I also added the Choppy Scepter weapon made on these forums, by Ruzza IIRC. It was a big hit.


Captain Morgan wrote:
I also added the Choppy Scepter weapon made on these forums, by Ruzza IIRC. It was a big hit.

SUPER flattering. The weapon has become a pretty big thing at my table, and I've been weaving it into the story. It helps that the player who owns it is very much into roleplaying, so it's a lot easier to go hog wild.

Choppy's Introduction
Choppy, growing in power


Ruzza wrote:
Captain Morgan wrote:
I also added the Choppy Scepter weapon made on these forums, by Ruzza IIRC. It was a big hit.

SUPER flattering. The weapon has become a pretty big thing at my table, and I've been weaving it into the story. It helps that the player who owns it is very much into roleplaying, so it's a lot easier to go hog wild.

Choppy's Introduction
Choppy, growing in power

Oh dang. Can you spoil your long-term plans for it?


Captain Morgan wrote:
Oh dang. Can you spoil your long-term plans for it?

A lot of it is by the seat of my pants, but the general overarching idea is something like...

My barbarian player wrote in his backstory that his character met a gold dragon in the forests near Breachill. He survived with a scar and a gold dragon scale that made him bigger than other goblins. Let me assure that my jaw dropped when I read this. He had no idea what was in the AP, he just wanted to write an interesting background and knew that dragons were involved. He also wanted his character to be most mistrustful and mystified by dragons, so it all works.

Knowing I couldn't make that dragon Mengkare, I tried to think about what another gold dragon near Breachill would mean. After another player came to me with their plans to play a red draconic sorcerer who was hiding their identity, my plans started to come together.

I saw Mengkare as a figure who had followers who weren't always on the same page as him. Zealots who acted more like fans than actual believers in his plans. So I created a group of metallic dragons called the Scions who believe that they're protecting Golarion by stamping out the influence of Dahak where ever it may be. They've been hounding after the sorcerer in my party. One of them, the gold dragon seen by the barbarian, even created magically empowered weapons to give to his human followers to stand guard over key areas where Dahak could strike. These weapons are forged from his blood and grant the wielder great power.

Man, it is super embarrassing typing home game stuff. It reads a little like middle school stories.

But regardless, I've introduced some of the Scions to the players already as a way to put them on edge and throw some suspicion on the sorcerer. Come book 4, I was planning on having the Scions be in Kovlar, trying to determine what to do with Veshumirix. This includes the gold dragon who created the weapons and is hunting the sorcerer (and also drove the barbarian's mother into a blood feud with Breachill, but that's another story). A bunch of plans there, but using it as a little tip off to my players that there is a larger battle at hand than stopping the Scarlet Triad.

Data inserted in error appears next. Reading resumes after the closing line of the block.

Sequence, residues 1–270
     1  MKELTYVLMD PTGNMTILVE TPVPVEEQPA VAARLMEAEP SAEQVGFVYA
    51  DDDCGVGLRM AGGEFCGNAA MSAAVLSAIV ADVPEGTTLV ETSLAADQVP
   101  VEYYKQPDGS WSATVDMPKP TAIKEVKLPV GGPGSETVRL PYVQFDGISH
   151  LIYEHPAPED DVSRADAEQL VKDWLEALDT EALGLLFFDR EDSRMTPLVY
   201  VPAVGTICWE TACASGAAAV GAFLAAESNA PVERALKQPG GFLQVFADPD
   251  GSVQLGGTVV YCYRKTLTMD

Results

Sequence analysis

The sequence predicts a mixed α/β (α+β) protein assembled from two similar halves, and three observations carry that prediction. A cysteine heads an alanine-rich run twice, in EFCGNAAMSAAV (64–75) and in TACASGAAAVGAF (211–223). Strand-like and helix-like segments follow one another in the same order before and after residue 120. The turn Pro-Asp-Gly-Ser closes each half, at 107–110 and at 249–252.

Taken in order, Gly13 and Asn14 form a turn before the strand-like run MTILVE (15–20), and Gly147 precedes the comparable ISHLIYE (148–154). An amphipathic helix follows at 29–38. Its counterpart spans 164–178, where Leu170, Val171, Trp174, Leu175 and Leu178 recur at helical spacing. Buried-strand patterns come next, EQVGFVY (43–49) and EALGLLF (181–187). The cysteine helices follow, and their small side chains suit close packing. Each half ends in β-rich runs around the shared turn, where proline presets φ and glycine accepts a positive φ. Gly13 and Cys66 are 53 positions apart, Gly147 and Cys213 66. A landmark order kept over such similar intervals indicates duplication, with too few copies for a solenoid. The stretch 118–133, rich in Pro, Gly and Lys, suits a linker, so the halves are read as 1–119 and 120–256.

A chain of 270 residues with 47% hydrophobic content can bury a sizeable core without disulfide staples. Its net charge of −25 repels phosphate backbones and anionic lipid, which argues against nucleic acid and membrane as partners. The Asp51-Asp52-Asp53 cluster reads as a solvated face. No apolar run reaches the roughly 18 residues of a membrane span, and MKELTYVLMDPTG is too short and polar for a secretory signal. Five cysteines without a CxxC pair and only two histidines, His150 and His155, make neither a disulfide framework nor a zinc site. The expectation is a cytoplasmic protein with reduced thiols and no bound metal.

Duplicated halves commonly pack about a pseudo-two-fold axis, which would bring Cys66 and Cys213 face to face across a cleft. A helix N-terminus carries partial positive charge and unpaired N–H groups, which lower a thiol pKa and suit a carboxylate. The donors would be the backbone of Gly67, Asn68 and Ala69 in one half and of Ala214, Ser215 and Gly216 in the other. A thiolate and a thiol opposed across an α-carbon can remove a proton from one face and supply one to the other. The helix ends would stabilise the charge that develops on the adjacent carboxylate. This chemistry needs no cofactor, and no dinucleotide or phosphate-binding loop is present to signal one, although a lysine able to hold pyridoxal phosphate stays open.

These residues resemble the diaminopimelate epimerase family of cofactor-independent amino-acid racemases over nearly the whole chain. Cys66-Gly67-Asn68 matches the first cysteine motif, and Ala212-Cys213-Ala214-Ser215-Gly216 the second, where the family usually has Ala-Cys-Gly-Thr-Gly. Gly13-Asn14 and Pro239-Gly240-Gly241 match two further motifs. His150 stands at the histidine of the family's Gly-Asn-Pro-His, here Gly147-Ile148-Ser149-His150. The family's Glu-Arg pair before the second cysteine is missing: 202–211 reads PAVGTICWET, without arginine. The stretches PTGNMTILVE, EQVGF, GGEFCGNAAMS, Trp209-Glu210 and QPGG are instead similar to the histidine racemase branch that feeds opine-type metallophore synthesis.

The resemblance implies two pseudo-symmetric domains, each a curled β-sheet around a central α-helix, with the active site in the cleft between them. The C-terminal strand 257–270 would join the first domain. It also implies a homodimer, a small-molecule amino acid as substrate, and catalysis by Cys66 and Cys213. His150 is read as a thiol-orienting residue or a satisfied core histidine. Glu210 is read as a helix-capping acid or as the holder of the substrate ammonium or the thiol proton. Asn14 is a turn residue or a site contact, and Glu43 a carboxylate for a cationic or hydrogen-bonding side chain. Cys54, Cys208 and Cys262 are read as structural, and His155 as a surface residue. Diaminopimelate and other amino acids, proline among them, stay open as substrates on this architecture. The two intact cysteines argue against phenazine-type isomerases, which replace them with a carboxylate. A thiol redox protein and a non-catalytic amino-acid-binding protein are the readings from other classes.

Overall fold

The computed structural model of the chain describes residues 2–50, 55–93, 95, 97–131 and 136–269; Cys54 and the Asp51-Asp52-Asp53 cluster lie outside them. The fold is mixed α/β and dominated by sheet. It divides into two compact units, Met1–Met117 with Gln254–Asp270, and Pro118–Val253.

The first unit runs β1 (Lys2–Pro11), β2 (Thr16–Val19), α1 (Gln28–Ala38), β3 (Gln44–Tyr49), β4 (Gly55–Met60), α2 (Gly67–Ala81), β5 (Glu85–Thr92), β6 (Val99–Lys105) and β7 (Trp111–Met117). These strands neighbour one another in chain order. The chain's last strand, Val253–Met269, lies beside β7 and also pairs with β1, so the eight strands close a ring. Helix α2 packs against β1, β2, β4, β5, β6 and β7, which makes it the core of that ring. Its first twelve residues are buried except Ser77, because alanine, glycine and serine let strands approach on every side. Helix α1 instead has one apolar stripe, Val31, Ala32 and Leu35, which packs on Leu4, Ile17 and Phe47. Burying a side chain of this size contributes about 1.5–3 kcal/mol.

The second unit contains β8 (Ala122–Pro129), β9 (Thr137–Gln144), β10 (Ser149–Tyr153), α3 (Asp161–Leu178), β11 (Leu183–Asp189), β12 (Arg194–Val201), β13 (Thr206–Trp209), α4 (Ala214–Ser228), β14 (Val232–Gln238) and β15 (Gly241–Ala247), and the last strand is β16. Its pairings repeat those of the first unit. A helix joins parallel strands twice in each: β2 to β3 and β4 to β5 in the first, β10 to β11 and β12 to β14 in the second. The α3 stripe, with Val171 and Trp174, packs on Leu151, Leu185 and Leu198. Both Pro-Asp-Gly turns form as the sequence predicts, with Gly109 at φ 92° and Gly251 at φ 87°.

I am fairly certain the dragon will survive and then make yet another appearance in book 6 for the group.


Ruzza wrote:


Choppy's Introduction
Choppy, growing in power

Hi Ruzza, can I ask how do you created the item template or if you have a blank one to share with us?


O'Mouza wrote:


Hi Ruzza, can I ask how do you created the item template or if you have a blank one to share with us?

I wish I were more computer-savvy, but I slapped this together with Photoshop.

That said, I made these before I knew about this site, which may be what you're looking for!


Ruzza wrote:


That said, I made these before I knew about this site, which may be what you're looking for!

Yes, fantastic. Thank you!

Now i just need to understand how to add more traits :S


Ok guys my party has arrived to Raldurr and...how can they beat him?
How do your parties manage to kill him?
Did you helped them fudging something?

My party composition is: Fighter (with wizard dedication), Rogue, Sorcerer, Druid...but there is no way they can stand an enemy that critically hit every round at least one time on average (not with the damage Raldarr does).


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Ralldar is a very difficult encounter for everyone. As we've talked about in this thread and others, it will easily handle those unprepared. That means using actions to negate as many of Ralldar's advantages as possible.

PCs should be doing things like Tripping and Striding away to waste its actions. Fear spells should be used to keep it frightened while also buffing teammates. These tactics should become pretty commonplace as encounters become more difficult.